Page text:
Lissie at the Cedar, 1/20/11
January 20, 2011
Cedar Cultural Center
Temperatures outside may be abominably subzero, but for the crowd assembled inside the Cedar Cultural Center for Lissie, last night was anything but cold. Lissie walked on stage with a big smile brighter than stage lights, and she carried that sun-kissed energy all through the night.
Lissie kicked off her 10-song set with her cover of Hank William's "Wedding Bells", and as she wailed into the microphone, the smile disappeared. Every song she launched into was like a gritty, stomped-on offering of her heart to the audience--who gladly accepted. On her debut album Catching a Tiger, released in August 2010, Lissie's a stand-out vocalist with her Joni Mitchell-style confessional lyrics; live, Lissie is a spitfire of a songstress, with air-piercing electric guitar strings that make her songs vibrate with life. In person, on stage, Lissie is the farthest thing from the tame, coffeehouse singer-songwriter type you might expect.
Lissie shared the stage with two band mates that she made a point of repeatedly introducing--and with good reason, as they were enormously talented and definitely helped carry the show. While Eric Sullivan's electric guitar solos never overpowered Lissie's voice (it would be hard to, because man, what a voice she has), they were like odes to classic rock heroes, and the crowd ate it up. Lewis Keller had a triple task for the evening: bass guitar, drums, and back vocals, all of which he did simultaneously; a talented triple-force indeed.
As she tuned her guitar between songs, her onstage banter consisted of a lot of story telling, a lot of setting up the song and telling the audience what it was about. She said by way of introducing "Bully": "This song is kind of like guidelines for how to live a good life... and just to remember that there's always people out there who love you." It might sound insincere or stale, but the way Lissie said it, with her big deep eyes and her sweetheart face, made you believe it. The fact of the matter is, though, that Lissie could pretty much say anything and the crowd would have believed her.
As charmingly talkative as she was, Lissie was also heavy on tradition. After she talked about filing her video for "Everywhere I Go" in the company of an elephant, she picked up a little brass elephant figuring and kissed it, explaining that she needed to "honor the ritual." Later, in the encore, Lissie took a shot of tequila and rocketed into her final song--a cover of Kid Cudi's "Pursuit of Happiness", ending the evening on a fist-pumping high note.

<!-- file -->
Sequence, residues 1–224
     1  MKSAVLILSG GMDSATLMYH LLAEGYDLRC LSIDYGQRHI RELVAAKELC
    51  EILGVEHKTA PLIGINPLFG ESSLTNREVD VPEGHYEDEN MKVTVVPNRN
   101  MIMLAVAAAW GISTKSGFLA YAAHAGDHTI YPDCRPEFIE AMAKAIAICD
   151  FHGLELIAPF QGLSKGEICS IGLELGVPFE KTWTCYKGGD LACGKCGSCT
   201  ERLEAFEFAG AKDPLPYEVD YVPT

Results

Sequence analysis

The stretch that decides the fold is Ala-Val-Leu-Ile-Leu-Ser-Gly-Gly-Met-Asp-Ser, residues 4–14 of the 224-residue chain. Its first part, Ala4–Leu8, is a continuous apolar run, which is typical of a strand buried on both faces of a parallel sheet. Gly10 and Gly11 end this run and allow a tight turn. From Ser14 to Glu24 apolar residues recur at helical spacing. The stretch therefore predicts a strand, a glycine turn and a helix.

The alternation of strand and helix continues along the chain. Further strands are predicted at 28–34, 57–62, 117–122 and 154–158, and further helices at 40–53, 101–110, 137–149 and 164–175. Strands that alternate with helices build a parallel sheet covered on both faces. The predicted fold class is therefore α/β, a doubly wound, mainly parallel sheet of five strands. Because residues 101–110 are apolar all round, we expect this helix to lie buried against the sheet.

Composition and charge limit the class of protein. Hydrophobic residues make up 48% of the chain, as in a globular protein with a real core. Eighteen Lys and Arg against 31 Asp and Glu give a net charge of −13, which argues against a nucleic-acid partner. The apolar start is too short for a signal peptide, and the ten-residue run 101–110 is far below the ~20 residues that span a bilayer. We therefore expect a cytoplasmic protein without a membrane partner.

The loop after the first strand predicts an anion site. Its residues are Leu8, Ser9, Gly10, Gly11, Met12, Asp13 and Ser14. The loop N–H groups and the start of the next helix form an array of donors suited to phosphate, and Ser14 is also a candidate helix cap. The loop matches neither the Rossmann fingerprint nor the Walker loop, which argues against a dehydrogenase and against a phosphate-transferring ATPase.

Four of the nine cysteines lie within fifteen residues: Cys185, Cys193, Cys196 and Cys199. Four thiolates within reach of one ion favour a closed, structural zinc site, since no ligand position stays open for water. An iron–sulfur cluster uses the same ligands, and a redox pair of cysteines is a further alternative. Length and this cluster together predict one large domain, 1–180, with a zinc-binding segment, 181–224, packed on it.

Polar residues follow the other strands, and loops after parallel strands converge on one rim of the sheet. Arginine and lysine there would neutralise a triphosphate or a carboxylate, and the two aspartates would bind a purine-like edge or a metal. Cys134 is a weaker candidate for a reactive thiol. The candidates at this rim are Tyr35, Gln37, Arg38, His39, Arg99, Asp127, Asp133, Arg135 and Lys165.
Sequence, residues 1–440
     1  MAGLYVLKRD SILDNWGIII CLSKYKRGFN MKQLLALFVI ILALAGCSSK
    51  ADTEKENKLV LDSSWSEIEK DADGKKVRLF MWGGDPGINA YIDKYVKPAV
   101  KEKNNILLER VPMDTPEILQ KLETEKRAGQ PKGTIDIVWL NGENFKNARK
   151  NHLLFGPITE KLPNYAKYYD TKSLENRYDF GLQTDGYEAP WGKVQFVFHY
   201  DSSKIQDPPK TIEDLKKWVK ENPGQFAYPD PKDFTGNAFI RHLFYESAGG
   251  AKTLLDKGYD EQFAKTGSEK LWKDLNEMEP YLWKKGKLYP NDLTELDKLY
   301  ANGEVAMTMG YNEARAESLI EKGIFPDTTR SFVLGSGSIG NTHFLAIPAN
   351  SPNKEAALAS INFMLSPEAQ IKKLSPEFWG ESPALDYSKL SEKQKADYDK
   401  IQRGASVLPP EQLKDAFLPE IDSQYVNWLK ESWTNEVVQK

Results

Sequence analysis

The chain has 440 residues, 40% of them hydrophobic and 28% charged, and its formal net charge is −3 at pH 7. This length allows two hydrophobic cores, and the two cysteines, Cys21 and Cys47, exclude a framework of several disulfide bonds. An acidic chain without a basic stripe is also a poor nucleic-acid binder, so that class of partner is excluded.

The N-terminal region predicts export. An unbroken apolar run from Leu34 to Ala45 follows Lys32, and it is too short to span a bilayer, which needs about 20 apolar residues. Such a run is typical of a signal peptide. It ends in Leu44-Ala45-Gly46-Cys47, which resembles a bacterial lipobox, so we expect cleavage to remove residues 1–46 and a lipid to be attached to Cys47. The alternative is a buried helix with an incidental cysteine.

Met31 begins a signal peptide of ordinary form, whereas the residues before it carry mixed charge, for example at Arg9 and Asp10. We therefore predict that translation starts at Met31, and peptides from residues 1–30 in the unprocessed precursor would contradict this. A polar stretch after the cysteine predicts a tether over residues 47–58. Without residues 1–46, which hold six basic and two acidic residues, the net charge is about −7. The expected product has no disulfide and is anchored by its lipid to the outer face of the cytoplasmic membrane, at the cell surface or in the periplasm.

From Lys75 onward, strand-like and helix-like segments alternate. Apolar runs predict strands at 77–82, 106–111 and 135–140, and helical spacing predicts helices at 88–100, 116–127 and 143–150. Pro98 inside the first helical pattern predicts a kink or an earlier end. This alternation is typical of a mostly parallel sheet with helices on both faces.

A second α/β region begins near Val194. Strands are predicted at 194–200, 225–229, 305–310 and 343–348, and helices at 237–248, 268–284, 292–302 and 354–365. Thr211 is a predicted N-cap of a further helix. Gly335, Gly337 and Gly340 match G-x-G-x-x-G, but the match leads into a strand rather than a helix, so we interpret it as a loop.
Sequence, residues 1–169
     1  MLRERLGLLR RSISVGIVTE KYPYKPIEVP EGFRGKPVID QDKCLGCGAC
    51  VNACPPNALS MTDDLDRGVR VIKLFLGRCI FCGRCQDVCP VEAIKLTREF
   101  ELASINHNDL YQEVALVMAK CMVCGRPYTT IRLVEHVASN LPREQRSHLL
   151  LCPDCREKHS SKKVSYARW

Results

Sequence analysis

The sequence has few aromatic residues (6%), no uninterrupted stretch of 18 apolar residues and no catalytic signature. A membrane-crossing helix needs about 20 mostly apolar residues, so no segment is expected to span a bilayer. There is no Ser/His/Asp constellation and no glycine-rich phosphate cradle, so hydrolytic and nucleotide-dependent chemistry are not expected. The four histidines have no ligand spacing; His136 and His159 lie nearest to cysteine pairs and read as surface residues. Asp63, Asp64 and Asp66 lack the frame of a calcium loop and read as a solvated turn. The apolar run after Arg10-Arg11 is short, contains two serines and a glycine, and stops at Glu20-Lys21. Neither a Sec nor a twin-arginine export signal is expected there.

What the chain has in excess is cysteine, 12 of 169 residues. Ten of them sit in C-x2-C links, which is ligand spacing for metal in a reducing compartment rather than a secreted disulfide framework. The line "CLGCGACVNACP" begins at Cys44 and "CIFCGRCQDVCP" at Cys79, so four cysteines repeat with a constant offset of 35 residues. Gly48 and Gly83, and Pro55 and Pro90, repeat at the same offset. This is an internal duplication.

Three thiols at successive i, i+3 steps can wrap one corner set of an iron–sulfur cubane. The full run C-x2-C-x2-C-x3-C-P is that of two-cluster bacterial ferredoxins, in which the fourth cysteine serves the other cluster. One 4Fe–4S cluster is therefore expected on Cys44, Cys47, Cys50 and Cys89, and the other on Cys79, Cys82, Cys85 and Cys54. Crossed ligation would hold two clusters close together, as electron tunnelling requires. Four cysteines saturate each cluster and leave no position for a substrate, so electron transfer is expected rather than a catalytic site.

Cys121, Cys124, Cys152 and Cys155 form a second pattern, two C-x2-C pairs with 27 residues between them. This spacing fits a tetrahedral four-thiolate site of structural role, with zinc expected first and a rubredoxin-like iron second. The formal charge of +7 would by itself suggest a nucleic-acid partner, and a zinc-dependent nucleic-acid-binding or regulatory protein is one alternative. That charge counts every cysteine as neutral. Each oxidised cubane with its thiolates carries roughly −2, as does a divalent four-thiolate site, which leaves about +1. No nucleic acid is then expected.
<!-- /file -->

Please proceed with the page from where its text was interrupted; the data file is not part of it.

Critic's Bias: I went in expecting to love it, but I figured it would be a quiet evening; Lissie's Catching a Tiger record was powerful, but seeing her live, she's more of a rockstar than the quiet girl strumming a guitar.
The Crowd: Extremely well-behaved--both Lissie and her opener, Dylan Leblanc, continued to comment on how wonderful the crowd was, and the love was spread around thick.
Overheard In The Crowd: After Lissie told the audience it was unusual for her to be wearing the "rock 'n' roll outfit" she had (faux leather leggings and cowboy boots), claiming that she was just a "jeans and t-shirt kind of girl", she remarked that "You guys probably didn't notice at all and don't care"... to which two of my male friends mentioned to each other: "We noticed."
Random Notebook Dump: Dylan Leblanc should absolutely not go unmentioned. That dude was seriously phenomenal. If the Pieces of You version of Jewel were a male, she would have been Leblanc--this soft-spoken southern boy with songs that sounded like graveyard lullabies. The audience was captivated and many were visibly shaken by the broken-hearted delivery of his music. He should have a new album out in summer this year.
For more photos: See our complete slideshow by Stacy Schwartz.
When I'm Alone
Everywhere I Go
Pursuit of Happiness
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